Erin's Journals

Monday, September 21, 2020

Just a thought… Hope is being able to see that there is light despite all of the darkness. [Desmond Tutu]

I’ve many things to write about today as a virtual slide show runs through my mind from the weekend past and the days ahead. Work is ramping up. Our joy is through the roof, while sadness over losses, both near to me and in another country entirely, sit heavy on my heart. So come on in, and I promise we’ll make sense of it together.

Friday evening, I felt the highest highs and lowest lows in the course of just a few minutes. As Colin bounced around with the excitement of sharing our “movie and popcorn night” tradition with the grandson of my friend Nancy, we were preoccupied by wrangling their exuberance, getting them seated with their lemonade and snacks and negotiating what movie they’d watch.

Having gotten them settled, I checked my phone and saw remembrances of a great American. “Oh no,” I said to Rob, as I scrolled to confirm what I and millions of others had feared: Supreme Court Justice Ruth Bader Ginsburg had died. Like so many, I was devastated to learn of her passing and frightened at the prospect of another Trump-chosen lifetime appointee to the highest court in America. That heaviness stayed with me throughout the weekend, and continues today. What next, 2020? (Don’t answer.)

On the other side of that darkness, though, was the joy felt while watching two little boys in their pajamas, laughing, playing and eventually lying on the floor watching a show together. Seeing our Colin playing with someone – even though it cut into our own precious cuddle time – was good for the soul, as was the day of games and outdoor activities we shared with him alone on Saturday. How we cherish this new tradition!

I sent my friend and fellow writer/broadcaster/blogger/VO artist/radio vet Lisa a picture of Rob and Colin together on Saturday, in hopes that rather than contrast the joy of our day with the sadness of hers, it would lighten her heart. I think it worked, but on Sunday Lisa messaged me that her mom, dying from cancer and spending her final days in hospice in Southwestern Ontario, had taken a turn for the worse and now was barely responsive.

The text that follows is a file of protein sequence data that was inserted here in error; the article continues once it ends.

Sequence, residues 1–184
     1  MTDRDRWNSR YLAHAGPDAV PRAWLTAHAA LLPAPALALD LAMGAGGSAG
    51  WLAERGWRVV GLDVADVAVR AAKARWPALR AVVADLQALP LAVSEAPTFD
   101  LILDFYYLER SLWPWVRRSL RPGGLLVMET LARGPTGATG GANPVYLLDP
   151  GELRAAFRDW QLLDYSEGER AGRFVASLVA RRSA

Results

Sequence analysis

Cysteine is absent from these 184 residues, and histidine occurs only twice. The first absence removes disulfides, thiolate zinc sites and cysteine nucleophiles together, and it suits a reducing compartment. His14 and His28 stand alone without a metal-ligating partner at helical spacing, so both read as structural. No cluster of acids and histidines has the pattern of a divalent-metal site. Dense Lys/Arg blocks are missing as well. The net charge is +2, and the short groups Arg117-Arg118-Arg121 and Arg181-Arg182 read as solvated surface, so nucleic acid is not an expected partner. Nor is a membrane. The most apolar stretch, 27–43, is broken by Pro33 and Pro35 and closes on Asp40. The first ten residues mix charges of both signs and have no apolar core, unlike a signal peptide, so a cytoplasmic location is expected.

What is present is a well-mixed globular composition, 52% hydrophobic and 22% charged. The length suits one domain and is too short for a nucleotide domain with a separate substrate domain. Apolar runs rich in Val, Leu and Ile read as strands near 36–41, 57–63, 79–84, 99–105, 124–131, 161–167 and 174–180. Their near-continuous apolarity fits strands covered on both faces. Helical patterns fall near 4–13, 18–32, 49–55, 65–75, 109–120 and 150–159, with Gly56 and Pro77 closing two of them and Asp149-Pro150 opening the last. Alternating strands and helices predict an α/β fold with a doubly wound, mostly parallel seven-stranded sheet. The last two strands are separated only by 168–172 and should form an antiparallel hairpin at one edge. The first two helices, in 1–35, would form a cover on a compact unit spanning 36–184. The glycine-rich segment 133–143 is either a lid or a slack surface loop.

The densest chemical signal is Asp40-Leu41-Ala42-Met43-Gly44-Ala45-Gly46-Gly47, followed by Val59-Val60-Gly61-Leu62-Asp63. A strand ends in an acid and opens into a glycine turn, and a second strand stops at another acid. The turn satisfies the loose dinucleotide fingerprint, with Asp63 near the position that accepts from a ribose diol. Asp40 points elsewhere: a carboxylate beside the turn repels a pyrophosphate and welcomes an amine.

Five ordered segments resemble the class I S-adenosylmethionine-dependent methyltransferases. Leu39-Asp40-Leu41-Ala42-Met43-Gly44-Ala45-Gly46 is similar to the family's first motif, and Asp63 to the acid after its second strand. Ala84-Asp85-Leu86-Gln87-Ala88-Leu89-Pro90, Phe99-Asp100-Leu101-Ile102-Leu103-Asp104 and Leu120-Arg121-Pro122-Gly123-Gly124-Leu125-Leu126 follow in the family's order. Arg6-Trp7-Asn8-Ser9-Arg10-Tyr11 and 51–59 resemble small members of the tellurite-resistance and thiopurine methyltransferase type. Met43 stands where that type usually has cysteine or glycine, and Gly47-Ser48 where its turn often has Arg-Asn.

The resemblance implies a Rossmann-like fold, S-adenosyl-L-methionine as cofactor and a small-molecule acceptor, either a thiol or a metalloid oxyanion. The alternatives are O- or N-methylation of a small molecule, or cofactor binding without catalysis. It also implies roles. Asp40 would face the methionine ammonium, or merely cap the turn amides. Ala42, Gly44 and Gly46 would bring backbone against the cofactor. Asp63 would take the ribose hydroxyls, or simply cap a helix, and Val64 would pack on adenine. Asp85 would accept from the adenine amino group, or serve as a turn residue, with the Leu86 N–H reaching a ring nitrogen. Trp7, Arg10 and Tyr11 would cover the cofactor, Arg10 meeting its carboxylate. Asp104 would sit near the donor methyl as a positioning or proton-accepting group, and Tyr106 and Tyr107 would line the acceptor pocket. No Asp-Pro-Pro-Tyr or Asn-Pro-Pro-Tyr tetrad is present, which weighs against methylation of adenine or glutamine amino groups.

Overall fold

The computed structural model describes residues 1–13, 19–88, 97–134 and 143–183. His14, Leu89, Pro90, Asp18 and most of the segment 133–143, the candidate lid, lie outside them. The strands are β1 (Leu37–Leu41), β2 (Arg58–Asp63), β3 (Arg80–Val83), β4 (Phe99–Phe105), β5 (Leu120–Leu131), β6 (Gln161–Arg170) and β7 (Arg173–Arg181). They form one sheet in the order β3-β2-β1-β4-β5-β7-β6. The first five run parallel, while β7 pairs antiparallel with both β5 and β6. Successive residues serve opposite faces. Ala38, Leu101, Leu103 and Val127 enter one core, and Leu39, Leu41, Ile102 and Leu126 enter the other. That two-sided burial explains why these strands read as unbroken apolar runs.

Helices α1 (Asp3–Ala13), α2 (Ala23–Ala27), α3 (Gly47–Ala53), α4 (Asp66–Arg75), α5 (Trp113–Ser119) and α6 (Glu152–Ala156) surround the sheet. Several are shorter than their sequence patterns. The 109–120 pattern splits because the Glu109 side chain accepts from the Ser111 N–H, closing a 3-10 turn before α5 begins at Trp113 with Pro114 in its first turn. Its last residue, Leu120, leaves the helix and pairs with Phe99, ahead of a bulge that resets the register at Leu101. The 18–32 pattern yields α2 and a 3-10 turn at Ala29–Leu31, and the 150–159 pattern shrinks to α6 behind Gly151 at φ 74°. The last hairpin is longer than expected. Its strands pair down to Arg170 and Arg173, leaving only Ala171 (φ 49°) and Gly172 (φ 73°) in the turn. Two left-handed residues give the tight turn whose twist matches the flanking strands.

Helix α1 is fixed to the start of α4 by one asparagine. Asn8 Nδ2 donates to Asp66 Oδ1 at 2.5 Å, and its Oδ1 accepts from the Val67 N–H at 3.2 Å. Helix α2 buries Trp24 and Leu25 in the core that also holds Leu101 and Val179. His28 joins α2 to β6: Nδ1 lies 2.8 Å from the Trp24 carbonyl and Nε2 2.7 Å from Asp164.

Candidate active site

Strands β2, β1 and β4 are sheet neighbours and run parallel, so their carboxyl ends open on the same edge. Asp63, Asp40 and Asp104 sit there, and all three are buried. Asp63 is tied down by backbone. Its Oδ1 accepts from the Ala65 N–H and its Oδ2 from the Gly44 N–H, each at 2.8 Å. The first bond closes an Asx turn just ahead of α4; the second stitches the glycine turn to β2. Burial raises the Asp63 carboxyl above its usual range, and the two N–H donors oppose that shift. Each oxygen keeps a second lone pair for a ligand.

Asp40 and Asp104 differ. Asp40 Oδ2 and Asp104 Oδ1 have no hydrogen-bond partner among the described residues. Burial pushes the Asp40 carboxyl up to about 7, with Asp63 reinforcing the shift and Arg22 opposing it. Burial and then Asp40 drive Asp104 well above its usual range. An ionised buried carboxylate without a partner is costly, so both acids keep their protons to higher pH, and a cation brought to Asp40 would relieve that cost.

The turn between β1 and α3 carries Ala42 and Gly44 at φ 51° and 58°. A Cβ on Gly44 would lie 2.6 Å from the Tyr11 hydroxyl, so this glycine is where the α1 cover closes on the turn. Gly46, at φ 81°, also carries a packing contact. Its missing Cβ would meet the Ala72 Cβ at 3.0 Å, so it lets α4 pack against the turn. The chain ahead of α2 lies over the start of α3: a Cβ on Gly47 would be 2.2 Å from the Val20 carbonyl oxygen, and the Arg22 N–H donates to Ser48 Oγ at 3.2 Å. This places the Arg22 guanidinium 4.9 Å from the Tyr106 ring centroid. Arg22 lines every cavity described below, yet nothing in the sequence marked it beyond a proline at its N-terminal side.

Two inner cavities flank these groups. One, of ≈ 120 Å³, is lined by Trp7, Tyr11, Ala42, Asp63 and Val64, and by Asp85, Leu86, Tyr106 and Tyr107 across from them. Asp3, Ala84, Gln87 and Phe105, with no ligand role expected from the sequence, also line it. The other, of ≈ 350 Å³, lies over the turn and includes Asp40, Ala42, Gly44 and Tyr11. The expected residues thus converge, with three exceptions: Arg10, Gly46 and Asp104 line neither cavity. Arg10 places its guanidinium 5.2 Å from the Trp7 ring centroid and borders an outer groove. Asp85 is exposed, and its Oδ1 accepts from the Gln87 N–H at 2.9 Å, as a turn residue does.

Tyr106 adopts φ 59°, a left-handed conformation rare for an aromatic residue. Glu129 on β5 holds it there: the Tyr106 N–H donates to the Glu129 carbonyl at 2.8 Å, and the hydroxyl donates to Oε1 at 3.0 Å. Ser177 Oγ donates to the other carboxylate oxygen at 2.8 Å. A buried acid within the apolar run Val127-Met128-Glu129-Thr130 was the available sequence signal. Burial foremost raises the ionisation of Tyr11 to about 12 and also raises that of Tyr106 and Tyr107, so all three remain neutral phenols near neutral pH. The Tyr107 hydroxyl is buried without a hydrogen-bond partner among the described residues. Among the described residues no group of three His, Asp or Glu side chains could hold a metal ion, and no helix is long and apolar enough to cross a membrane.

This came as a surprise: not in that her decline had continued, but that it had resumed so quickly. Just last week, her mom was expressing enormous peace and gratitude for the kindness and comfort she was experiencing after having been moved from hospital to hospice. It warmed my heart to hear the relief and respite in Lisa’s writings; for a time their shared suffering was put on hold. The “rally,” as it’s known, was short-lived but fully appreciated.

Lisa’s put her own life on hold, living at her mom’s condo a few hours from her own home and doing all of the things a good daughter would try to do: in addition to caring for her mom, she’s handling the sometimes overwhelming visitors’ schedule (brief can be best, people!), dealing with one particular neighbour who won’t stop calling or knocking at all hours to ask after her mom’s well-being (despite being implored to just await word, please), and being there for her mom in every way that she can.

In past months, Lisa and I have talked about my mother’s own sudden passing 8 years ago from a brain aneurysm and wondered which is crueler, which is gentler. I’ve often said that there’s no comparing grief, but still, it’s a question we ask ourselves and each other, as close friends can do. And there is just no answer.

Yet in the midst of her hour of darkness, a little godwink came to Lisa yesterday in the form of social media and this tweet.

In a beautiful bit of timing, Lisa was buoyed by the comments and virtual hugs that came from friends and strangers alike, most of whom didn’t know just what was transpiring in her day. Here’s her response.

You can never know how just a few kind words or a gesture (big or small) can change even a few moments in an otherwise awful day.

A simple tweet asking for a few words of admiration for a fellow Londoner was an enormous gift; its responses, a virtual hug for a friend who is suffering.

And witnessing massive numbers of people coming together and donating millions of dollars in the memory of #RBG in the hours following her death helped me to remember that even when we’re feeling at our lowest, when despair clouds our hearts, there is always a light.

Sometimes we need to search for it. And sometimes we can even be that light.

Rob WhiteheadMonday, September 21, 2020